This undated file photo shows a section of the ultra high-voltage power transmission network of the state grid in Beijing [Xinhua]
After oil and nuclear power, what will the next big thing be in terms of Sino-Russian energy cooperation?
The answer might just lie in electricity trade. The two countries are poised to expand their electricity transfer program as a move to enhance energy security, said industry insiders.
As the world's two major energy consumers and producers, China and Russia are planning to build several power transmission lines across their borders. This would involve investments of "multi billion yuan", said an official familiar with the project who asked not to be named.
Currently, there is no technology barrier in building such projects. And domestic companies are collaborating with foreign power giants such as Areva for feasibility studies on some electricity lines, said Hu Xuehao, an expert with China Electric Power Research Institute.
Sources with China's largest grid company, State Grid, yesterday said that the company has finalized a long-term power supply deal with Russia. Under the agreement, Russia will transfer 3.6-4.3 billion kWh of power to China in 2008-10, 18 billion kWh in 2010-15, and 60 billion kWh from then on.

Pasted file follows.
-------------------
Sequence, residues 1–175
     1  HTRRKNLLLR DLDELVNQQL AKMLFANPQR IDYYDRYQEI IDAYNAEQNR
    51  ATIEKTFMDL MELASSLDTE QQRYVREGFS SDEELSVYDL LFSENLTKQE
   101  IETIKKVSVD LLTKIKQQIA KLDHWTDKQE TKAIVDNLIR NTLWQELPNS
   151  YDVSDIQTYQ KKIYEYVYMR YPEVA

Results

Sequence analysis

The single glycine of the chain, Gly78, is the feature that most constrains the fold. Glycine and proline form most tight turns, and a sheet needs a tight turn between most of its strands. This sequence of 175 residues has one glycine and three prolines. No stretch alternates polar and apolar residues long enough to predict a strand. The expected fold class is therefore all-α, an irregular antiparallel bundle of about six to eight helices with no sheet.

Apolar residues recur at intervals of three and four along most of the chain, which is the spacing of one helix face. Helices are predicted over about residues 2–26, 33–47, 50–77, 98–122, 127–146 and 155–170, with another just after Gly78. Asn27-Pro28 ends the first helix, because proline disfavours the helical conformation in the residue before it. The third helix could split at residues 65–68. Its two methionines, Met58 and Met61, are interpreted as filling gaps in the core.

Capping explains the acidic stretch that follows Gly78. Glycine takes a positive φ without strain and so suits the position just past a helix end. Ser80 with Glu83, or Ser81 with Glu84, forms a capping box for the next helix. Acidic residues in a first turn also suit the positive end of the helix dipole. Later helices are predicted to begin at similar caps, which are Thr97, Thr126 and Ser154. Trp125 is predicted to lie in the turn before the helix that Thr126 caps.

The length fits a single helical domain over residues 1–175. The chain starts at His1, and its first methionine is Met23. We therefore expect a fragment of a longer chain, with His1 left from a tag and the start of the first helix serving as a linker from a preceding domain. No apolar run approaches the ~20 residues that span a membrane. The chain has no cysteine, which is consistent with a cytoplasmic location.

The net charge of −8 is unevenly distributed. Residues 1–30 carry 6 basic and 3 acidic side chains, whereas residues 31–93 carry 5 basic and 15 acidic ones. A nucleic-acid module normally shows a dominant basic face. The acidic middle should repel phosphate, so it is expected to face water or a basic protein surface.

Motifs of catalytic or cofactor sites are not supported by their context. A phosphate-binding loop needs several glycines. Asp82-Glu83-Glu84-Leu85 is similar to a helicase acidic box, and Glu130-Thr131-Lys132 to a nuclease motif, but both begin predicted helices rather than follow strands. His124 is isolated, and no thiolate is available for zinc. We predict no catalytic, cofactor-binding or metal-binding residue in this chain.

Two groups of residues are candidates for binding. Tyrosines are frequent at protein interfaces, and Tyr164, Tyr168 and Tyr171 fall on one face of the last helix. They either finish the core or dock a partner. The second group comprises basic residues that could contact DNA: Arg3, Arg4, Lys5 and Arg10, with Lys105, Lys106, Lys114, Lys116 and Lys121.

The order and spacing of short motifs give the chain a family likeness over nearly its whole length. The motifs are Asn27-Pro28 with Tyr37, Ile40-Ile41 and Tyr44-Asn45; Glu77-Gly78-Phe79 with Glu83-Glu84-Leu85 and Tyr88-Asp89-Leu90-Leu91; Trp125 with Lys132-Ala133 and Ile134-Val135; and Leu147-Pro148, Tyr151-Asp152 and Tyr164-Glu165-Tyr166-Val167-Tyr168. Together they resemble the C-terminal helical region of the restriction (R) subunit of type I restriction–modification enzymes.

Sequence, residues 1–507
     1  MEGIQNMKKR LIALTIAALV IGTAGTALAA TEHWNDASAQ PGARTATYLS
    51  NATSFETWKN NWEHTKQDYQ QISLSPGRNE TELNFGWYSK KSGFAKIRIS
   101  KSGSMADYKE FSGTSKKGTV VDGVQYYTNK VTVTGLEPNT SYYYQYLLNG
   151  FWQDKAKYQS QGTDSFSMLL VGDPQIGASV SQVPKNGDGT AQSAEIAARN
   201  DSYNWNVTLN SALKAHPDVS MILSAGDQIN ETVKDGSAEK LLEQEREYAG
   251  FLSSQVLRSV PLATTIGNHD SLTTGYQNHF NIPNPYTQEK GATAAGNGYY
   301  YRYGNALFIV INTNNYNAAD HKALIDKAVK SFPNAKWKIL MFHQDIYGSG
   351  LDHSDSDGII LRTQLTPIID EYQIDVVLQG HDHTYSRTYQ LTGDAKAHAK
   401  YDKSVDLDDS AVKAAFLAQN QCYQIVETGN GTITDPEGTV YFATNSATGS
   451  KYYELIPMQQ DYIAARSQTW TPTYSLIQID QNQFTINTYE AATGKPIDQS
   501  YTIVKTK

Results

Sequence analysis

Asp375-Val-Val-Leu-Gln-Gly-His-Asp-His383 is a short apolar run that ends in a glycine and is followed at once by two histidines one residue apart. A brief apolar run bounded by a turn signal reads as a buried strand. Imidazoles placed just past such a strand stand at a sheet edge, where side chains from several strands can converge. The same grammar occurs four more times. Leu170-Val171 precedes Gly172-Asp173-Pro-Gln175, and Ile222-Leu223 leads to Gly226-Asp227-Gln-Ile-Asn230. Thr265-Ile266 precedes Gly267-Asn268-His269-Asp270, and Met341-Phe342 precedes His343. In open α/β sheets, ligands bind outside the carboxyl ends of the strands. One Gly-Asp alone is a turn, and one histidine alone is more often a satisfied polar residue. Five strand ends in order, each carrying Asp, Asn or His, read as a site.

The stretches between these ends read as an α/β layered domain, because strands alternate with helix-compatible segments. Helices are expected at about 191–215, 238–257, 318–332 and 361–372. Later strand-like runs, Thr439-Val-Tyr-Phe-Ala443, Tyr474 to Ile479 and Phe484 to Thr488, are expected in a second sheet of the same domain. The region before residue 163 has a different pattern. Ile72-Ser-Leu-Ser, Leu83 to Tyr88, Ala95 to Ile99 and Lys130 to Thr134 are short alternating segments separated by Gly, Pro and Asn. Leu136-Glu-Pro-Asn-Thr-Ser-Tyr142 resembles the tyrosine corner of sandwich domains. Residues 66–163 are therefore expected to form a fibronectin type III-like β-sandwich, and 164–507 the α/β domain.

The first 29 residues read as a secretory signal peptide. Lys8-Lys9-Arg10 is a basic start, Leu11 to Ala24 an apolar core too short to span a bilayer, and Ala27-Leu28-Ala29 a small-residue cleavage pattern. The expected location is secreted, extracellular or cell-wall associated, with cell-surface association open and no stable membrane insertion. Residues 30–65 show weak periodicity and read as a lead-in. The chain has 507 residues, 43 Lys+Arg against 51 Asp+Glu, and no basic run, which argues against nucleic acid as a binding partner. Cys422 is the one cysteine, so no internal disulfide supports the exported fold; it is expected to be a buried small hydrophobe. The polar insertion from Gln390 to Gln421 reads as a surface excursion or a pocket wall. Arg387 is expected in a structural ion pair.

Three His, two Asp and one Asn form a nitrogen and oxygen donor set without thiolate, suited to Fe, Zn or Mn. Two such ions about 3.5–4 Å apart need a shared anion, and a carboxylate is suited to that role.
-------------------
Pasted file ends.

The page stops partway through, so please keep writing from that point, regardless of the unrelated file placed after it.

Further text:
State Grid Vice-President Shu Yinbiao earlier said that besides Russia, the company is also in talks with countries like Mongolia for importing power.
Moscow and Beijing have long discussed electricity trade. In the mid-1990s, they discussed a project to build power transmission lines from the Irkutsk region in Siberia to China. However, they failed to agree on pricing and abandoned the project during the Asian financial crisis period when domestic power demand was weak, said Hu of the China Electric Power Research Institute.
However, buying more electricity from Russia now was a reasonable way for China to meet its surging power demand. Although the country's power demand has been affected by the economic downturn since the fourth quarter of last year, in the long run it will see a rapid increase, he said.
According to China Electricity Council, the country's power consumption will grow by 5 percent in 2009.
In the face of an economic downturn, more exports to China are understood to be a good deal for Russian power suppliers because domestic demand is declining, said analysts.
The Russian media reported that the economic downturn has been adversely affecting the expansion of Russia's energy sector. Insiders have predicted a 4.5 percent decrease in Russia's overall power consumption in 2009. Subsequently, Russian energy companies are expected to have surplus capacity to export electricity.